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Wednesday, April 24, 2024

Road work way over budget

Budgets set and approved for new highway projects in Norway often are burst long before work is completed, reports newspaper Aftenposten. Sometimes the budget overruns amount to hundreds of millions of kroner, but consequences are few for those in charge.

Examples are numerous. Improvements to State Highway 4 around Raufoss, south of Gjøvik, were budgeted at NOK 257 million. The final cost was NOK 488 million, fully 64.3 percent over budget.

State Highway 255 through Gausdal was supposed to cost NOK 252 million. It ended up costing NOK 373 million, 38 percent over budget. And improvements to a section of the highway known as the “ringvei” (ring road) around Oslo are expected to end up costing NOK 960 million more than budgeted when finally completed in 2013.

The ringvei project covers less than 17 kilometers of heavily trafficked roadway, but its expansion has proven to be a nightmare for highway planners. The cost of expropriating real estate along the route has skyrocketed, and the area is full of infrastructure such as underground pipes, cables, even a subway system and train line. “It’s impossible to know beforehand everything we’re going to run into once work begins,” claims project leader Mari Barstad. “I think we do a very thorough job of trying to control costs, and we now think a budget of NOK 3.69 billion (USD 585 million) will hold.”The reasons for huge budget overruns vary, but the most common one in outlying areas is that highway planners haven’t been able to foresee soil or rock conditions until construction gets underway.

“It’s the ground examinations where we have the most trouble,” Stein Fyksen, a veteran road chief with the state highway department (Statens vegvesen), told Aftenposten . “Soft masses are often hard to determine. So are price increases.”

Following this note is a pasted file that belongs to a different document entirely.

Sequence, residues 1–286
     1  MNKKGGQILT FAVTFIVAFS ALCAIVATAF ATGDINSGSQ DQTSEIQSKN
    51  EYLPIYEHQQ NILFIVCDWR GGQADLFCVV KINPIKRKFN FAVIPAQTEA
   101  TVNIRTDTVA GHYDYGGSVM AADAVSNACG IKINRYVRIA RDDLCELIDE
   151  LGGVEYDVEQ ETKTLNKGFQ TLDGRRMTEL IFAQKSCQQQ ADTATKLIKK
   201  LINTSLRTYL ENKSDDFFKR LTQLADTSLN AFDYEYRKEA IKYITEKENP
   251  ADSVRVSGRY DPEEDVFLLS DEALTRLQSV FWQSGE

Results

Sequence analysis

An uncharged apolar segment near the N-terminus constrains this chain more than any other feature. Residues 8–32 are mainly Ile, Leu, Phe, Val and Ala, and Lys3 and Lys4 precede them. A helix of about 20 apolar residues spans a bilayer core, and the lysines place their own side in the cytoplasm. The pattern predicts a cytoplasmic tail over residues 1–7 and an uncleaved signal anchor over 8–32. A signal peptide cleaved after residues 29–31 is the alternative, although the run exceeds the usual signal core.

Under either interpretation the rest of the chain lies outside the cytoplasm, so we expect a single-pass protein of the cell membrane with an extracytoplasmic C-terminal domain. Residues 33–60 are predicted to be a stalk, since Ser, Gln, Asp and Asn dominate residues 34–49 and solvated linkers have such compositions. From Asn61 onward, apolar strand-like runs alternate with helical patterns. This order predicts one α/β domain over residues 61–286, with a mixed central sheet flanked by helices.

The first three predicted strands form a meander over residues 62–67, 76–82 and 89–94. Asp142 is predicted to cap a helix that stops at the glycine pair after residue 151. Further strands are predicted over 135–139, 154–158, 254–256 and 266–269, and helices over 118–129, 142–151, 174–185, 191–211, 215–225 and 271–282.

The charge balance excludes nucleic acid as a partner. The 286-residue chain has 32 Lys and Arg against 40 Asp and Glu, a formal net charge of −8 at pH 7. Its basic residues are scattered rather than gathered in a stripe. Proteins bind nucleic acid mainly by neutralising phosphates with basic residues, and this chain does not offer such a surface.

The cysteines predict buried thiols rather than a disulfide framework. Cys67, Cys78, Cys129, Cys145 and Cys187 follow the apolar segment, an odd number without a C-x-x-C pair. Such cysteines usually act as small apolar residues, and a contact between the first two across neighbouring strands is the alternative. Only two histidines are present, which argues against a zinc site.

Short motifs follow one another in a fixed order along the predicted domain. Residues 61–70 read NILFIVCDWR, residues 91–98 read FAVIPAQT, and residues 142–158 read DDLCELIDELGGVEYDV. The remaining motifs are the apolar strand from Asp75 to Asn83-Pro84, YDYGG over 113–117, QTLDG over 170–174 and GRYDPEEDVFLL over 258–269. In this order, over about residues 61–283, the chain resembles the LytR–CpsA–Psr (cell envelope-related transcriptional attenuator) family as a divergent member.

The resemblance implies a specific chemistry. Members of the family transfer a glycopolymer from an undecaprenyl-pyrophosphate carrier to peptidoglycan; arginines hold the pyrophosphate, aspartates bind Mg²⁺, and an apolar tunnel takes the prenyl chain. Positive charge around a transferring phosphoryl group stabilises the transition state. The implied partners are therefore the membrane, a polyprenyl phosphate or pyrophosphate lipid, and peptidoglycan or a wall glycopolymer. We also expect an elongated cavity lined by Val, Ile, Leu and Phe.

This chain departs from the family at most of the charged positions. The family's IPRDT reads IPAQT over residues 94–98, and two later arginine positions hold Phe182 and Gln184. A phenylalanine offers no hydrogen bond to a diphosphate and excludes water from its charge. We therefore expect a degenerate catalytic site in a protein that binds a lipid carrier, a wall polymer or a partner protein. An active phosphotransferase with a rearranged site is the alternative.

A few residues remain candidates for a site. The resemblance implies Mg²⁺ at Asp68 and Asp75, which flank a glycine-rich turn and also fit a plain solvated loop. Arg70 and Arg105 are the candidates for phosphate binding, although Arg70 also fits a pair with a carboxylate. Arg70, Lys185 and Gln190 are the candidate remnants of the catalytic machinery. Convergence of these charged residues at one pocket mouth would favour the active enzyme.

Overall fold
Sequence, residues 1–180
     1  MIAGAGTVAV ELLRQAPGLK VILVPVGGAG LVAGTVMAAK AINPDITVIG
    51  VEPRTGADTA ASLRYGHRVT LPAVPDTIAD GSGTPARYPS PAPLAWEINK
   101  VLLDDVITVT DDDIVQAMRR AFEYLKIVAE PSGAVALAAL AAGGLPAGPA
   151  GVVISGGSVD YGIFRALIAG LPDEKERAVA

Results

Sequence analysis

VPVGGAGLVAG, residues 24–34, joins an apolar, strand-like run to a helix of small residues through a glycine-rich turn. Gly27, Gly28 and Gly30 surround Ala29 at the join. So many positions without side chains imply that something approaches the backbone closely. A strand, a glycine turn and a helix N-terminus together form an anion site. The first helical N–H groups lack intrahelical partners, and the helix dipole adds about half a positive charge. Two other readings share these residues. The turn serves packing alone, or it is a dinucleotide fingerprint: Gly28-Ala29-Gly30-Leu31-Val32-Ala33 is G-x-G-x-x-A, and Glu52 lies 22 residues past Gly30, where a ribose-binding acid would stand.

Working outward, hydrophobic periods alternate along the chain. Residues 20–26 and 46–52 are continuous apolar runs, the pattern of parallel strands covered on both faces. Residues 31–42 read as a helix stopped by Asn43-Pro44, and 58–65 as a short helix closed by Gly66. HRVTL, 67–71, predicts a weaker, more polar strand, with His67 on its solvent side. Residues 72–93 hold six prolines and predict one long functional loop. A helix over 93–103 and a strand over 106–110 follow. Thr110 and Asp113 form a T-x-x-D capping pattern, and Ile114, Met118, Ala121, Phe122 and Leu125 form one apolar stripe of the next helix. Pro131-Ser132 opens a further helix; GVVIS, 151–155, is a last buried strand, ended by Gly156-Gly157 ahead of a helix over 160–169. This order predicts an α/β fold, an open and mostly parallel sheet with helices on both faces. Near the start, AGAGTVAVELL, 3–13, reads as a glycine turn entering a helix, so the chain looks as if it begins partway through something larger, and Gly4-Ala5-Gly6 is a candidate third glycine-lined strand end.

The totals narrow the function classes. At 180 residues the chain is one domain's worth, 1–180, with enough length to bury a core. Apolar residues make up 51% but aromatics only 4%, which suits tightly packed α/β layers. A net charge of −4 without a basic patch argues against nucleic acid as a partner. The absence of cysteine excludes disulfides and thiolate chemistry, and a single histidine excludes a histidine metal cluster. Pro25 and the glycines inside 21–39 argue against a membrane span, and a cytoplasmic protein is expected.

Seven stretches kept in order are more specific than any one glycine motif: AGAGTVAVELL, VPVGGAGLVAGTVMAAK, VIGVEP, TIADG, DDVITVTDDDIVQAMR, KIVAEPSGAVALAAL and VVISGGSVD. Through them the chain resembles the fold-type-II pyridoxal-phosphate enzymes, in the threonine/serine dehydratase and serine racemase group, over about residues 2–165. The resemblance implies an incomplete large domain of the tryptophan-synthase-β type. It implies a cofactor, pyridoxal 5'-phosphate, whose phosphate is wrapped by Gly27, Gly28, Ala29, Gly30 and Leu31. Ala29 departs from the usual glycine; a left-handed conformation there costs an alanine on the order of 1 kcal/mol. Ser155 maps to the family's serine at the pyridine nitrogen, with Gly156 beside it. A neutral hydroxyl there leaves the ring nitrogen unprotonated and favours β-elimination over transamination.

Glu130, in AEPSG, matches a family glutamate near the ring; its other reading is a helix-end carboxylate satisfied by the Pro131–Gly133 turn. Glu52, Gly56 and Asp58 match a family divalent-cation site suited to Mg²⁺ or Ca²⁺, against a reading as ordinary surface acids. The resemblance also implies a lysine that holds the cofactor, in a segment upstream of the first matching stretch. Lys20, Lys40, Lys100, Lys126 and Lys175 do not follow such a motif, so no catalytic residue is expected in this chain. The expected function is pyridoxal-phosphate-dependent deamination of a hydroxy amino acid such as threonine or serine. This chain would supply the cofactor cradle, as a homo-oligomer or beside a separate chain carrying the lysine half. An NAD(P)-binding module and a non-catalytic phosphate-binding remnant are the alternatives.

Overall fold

A new four-lane section of the busy E16 highway just opened outside the Oslo suburb of Sandvika, so commuters and other through traffic can now bypass a commercial and residential area where accidents were frequent and speed limits were set at 50kph (about 30mph). The new section is only five kilometers long, but its budget was set at NOK 990 million in 2006. It ended up costing an estimated NOK 1.4 billion. There was far more polluted soil than expected, which had to be removed, and rock conditions where tunnels were dug were much poorer than expected. One bridge began to sink while under construction, so lots of reinforcement was necessary.

Highway officials blatantly deny they intentionally set low budgets in the hopes of getting projects approved. “I’ve met that claim before, but it’s just hopeless,” Fyksen said.

Construction director Lars Aksnes for the state highway directorate (Vegdirektoratet) concedes that the budget overruns are “too large,” though, and “we need to improve.”

He notes, though, that several projects have been completed either within or under budget, with costs coming in 15 percent lower than expected on a stretch of the E18 highway in Vestfold. “So there are some bright spots,” Aksnes said.



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